A bewildering variety of mortgages is available, but for most homebuyers there is, in practice, only one.

The 30-year-fixed mortgage is practically an American archetype, the apple pie of financial instruments. It is the path that generations of Americans have taken to first-time home ownership. According to the Mortgage Bankers Association, 86% of people applying for purchase mortgages in February 2015 opted for 30-year loans.

But many of those buyers might have been better served if they had opted instead for a 15-year fixed-rate mortgage; the 30-year’s younger, and less popular, sibling. The loans are structurally similar – the main difference is the term. (See also, A Guide to Buying a House in the U.S.)

A shorter-term loan means a higher monthly payment, which makes the 15-year mortgage seem less affordable. But, in fact, the shorter term actually makes the loan cheaper on several fronts – over the full life of a loan, a 30-year-mortgage will end up costing more than double the 15-year option.

How the Term Affects the Cost

The main driver of higher costs is time. A mortgage is simply a particular kind of term loan – one secured by real property – and in a term loan, the borrower pays interest calculated on an annual basis against the outstanding balance of the loan. Both the interest rate and monthly payment are fixed.

Because the monthly payment is fixed, the portion going to pay interest and the portion going to pay principal change over time. At the beginning, because the loan balance is so high, most of the payment is interest. But as the balances gets smaller, the interest share of the payment also declines, and the share going to principal increases. (For further explanations, see Investopedia’s tutorial Mortgage Basics.)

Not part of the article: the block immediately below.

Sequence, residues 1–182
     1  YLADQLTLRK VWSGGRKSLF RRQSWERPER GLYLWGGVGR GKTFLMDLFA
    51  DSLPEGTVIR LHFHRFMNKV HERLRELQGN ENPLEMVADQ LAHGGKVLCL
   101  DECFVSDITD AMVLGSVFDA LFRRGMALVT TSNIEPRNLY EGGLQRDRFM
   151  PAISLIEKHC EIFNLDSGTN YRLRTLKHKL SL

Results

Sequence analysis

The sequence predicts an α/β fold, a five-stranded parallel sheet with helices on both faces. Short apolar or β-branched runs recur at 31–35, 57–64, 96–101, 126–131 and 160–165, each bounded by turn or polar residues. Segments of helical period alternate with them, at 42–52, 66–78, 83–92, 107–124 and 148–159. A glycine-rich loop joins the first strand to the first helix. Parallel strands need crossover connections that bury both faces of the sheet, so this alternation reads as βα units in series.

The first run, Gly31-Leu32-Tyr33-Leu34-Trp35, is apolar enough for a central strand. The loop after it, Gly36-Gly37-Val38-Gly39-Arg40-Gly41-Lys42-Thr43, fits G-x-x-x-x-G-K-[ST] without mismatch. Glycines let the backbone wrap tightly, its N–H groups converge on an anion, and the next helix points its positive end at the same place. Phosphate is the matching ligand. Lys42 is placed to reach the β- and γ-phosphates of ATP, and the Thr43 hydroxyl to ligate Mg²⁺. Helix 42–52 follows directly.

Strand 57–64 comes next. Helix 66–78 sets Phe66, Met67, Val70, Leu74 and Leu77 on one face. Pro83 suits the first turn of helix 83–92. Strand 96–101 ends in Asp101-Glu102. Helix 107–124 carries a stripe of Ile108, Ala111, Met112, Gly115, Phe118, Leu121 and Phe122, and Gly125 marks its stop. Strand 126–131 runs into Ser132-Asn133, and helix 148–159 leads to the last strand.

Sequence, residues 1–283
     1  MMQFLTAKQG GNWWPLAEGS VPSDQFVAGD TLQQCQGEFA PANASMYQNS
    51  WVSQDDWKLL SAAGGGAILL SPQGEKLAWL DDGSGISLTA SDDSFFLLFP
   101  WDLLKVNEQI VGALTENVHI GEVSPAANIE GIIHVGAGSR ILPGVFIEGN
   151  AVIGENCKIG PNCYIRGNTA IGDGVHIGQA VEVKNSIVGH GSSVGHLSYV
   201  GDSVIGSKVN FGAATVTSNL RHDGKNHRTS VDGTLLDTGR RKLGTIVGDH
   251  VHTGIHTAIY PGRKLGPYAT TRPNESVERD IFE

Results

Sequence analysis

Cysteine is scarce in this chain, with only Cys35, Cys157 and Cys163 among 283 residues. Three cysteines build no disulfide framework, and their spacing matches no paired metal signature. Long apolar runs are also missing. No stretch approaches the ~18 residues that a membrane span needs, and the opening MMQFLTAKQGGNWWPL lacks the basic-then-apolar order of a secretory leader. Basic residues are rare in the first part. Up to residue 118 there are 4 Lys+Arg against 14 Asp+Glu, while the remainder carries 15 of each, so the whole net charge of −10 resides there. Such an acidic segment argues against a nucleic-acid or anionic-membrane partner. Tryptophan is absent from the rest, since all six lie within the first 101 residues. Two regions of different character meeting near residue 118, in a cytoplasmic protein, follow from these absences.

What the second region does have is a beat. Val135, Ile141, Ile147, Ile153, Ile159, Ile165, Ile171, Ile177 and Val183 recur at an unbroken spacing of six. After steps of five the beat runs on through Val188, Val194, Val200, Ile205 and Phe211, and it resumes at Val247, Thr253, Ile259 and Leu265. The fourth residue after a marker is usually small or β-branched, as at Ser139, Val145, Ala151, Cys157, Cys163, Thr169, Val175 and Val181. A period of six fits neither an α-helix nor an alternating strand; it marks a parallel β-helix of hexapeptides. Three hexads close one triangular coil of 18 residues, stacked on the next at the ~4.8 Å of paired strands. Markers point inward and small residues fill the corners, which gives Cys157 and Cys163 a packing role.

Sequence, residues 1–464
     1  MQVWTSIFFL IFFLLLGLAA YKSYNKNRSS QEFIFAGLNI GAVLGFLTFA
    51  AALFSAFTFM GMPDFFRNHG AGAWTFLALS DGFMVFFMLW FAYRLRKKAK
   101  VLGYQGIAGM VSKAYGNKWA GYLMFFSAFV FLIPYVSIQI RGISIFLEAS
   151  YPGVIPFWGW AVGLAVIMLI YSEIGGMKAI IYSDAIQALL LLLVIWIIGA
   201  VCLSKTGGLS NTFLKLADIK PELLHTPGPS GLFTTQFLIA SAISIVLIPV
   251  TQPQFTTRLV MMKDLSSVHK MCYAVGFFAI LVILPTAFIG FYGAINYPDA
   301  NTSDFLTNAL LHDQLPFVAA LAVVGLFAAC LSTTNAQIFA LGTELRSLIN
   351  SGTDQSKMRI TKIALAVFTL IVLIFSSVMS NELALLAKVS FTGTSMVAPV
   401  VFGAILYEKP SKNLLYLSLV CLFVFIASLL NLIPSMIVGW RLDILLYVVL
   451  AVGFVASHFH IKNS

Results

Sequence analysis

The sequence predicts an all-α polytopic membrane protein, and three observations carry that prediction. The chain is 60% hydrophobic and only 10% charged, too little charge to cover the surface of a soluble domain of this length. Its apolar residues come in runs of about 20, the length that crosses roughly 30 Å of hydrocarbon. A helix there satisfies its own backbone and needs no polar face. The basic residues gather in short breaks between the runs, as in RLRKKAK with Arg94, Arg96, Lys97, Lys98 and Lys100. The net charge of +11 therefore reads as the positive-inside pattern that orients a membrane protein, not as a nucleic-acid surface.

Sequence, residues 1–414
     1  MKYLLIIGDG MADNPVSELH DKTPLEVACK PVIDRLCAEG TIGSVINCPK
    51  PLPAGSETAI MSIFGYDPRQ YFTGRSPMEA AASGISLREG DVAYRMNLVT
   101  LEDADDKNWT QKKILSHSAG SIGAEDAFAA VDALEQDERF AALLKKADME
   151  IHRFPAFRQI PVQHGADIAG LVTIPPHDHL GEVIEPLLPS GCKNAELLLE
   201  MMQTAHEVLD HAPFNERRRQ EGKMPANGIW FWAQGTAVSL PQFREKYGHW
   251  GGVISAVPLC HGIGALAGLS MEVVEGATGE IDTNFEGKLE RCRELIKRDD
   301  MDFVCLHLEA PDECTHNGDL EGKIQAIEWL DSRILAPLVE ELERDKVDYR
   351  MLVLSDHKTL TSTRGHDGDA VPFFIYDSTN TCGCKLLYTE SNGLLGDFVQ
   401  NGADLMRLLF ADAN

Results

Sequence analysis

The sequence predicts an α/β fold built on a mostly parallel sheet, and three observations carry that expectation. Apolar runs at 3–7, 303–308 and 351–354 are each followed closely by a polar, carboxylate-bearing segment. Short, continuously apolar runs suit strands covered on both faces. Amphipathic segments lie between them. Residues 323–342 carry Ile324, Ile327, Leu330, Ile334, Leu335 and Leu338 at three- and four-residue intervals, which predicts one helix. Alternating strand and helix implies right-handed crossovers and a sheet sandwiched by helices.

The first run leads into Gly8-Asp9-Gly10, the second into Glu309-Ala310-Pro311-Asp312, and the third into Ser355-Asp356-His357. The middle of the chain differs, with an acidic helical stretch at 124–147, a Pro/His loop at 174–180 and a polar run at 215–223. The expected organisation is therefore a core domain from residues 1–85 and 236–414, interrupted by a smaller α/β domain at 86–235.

In a 30-year-loan, of course, that balance shrinks much more slowly – effectively, you’re renting the same amount of money for more than twice as long. (It’s more than twice as long, rather than just twice as long, because in a 30-year mortgage, the principal balance does not decline at as fast a rate as in a 15-year loan.) When the interest rate is 4%, a borrower actually pays almost 2.2 times more interest to borrow the same amount of principal over 30 years compared to a 15-year loan.

Differences in Interest Rates

Moreover, because 15-year loans are less risky for banks than 30-year loans, and because it costs banks less to make shorter-term loans than longer-term loans, consumers pay a lower interest rate on a 15-year mortgage – anywhere from a quarter of a percent to a full percent (or point) less. And the government-supported agencies that finance most mortgages impose additional fees, called loan level price adjustments, which make 30-year mortgages more expensive.

Fannie Mae and Freddie Mac charge price adjustments to borrowers who have lower credit scores or are putting down less money.

“Some of the loan level price adjustments that exist on a 30-year do not exist on a 15-year,” says James Morin, senior vice president of retail lending at Norcom Mortgage in Avon, Conn. Most people, according to Morin, roll those fees into their mortgage for a higher rate rather than paying them outright.

Imagine, then, a $300,000 loan, available at 4% for 30 years or at 3.25% for 15 years. The combined effect of the faster amortization and the lower interest rate means that borrowing the money for just 15 years would cost $79,441, compared to $215,609 over 30 years, or nearly two-thirds less.

The rub, of course, is the monthly payment. The price for saving so much money over the long run is a much higher monthly outlay: The payment on our hypothetical 15-year loan is $2,108, or nearly 50% more than the monthly payment for the 30-year loan ($1,432).

If You’re About to Retire